This bell was found in 1944 by a ten year old boy called Newton Richard Anderson who dropped a lump of coal and found it inside.
Mr Anderson kept the bell until 2007 when passed it to Genesis Park.
At this time he underwent polygraph tests to determine if he was telling the truth about the discovery of the bell and the result of this was that “no deception was detected”.
The bell is made of brass (an alloy of copper and zinc) with traces of tin, arsenic, iodine and selenium.
It is about 7 inches tall and is mounted with a crudely described figure appearing to have one visible leg, two arms and a head.
This figure is of Garuda (the gigantic bird which carries Lord Vishnu), with its eagle wings spread and a sharp beak.
This bell was made from a method not used today.
When an analysis was carried out it was discovered that the bell was made from an unusual mix of metals, different from any known modern alloy production (including copper, zinc, tin, arsenic, iodine, and selenium).
The seam from whence this lump of coal was mined is estimated to be 300,000,000 years old!
It is customary for Indians to use such bells with either Hanuman or Garuda idol with hands folded in shape of ‘namasthe‘ on top of them, in festivals, religious celebrations and marriages.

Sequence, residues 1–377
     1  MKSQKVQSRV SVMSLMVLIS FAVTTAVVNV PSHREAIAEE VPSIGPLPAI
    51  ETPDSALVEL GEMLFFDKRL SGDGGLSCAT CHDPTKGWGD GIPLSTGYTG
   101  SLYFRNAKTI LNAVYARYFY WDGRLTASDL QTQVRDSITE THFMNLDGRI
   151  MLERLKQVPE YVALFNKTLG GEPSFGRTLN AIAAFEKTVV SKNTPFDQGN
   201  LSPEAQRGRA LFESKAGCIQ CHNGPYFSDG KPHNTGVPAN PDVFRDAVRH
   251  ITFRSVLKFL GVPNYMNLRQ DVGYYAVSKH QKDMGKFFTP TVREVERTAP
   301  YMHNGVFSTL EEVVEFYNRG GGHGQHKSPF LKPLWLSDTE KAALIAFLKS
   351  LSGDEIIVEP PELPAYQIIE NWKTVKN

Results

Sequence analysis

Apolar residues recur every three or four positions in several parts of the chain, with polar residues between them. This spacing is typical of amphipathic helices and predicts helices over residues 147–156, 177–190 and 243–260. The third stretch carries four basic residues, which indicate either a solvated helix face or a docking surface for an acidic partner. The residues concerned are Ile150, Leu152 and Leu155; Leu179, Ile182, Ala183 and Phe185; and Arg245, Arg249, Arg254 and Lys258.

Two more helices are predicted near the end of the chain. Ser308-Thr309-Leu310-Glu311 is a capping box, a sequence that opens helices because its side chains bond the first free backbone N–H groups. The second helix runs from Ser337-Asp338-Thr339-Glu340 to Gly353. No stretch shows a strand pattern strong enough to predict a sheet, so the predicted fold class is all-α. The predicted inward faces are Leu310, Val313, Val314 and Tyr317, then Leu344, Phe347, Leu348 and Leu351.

It is currently accepted by science and geology that coal is a by-product of decaying vegetation. The vegetation becomes buried over time and is covered with sediment. That sediment eventually fossilises and becomes rock. This natural process of coal formation takes up to 400 million years to accomplish.
Eventually the “bell found in coal” became somewhat famous, being featured in creationist and apologetics books.
An evangelistic tract was made that presented the bell as indisputable proof of the worldwide deluge.
Ripley’s “Believe it or Not” found out about the bell and sent a representative to investigate.
Anderson was interviewed and the bell was prominently featured in the 1992 CBS docudrama production called Ancient Secrets of the Bible.
Creationist books and articles continue to describe this mysterious bell, touting it as a genuine antediluvian artifact (see for example Morris, 2008).
The bell was even displayed at the San Diego Museum of Natural History for a couple of years, and they made an offer to purchase it.
In the 1963–1964 timeframe, a man named Boris Bilas took the bell to the geology department at the University of Delaware at Wilmington, where it was studied and then returned.
They confirmed that the bell was handmade.
The clapper inside the bell is composed of iron and it still rings beautifully.